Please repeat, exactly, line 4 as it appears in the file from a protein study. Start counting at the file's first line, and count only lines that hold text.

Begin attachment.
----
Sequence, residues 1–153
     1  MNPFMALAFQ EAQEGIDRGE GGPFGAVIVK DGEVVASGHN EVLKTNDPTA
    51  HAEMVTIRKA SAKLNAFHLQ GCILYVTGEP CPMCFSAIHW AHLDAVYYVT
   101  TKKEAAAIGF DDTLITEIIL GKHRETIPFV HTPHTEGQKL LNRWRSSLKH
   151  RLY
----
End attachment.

   101  TKKEAAAIGF DDTLITEIIL GKHRETIPFV HTPHTEGQKL LNRWRSSLKH